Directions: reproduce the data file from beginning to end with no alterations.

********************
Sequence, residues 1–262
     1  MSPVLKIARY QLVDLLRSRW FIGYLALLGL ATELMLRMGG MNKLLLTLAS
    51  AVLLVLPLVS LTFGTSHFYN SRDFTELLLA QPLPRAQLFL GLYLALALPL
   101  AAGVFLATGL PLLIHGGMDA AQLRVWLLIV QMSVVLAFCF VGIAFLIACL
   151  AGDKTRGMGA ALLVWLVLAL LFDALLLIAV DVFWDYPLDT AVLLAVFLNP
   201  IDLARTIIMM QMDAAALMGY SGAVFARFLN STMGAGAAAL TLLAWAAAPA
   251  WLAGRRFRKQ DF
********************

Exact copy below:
Sequence, residues 1–262
     1  MSPVLKIARY QLVDLLRSRW FIGYLALLGL ATELMLRMGG MNKLLLTLAS
    51  AVLLVLPLVS LTFGTSHFYN SRDFTELLLA QPLPRAQLFL GLYLALALPL
   101  AAGVFLATGL PLLIHGGMDA AQLRVWLLIV QMSVVLAFCF VGIAFLIACL
   151  AGDKTRGMGA ALLVWLVLAL LFDALLLIAV DVFWDYPLDT AVLLAVFLNP
   201  IDLARTIIMM QMDAAALMGY SGAVFARFLN STMGAGAAAL TLLAWAAAPA
   251  WLAGRRFRKQ DF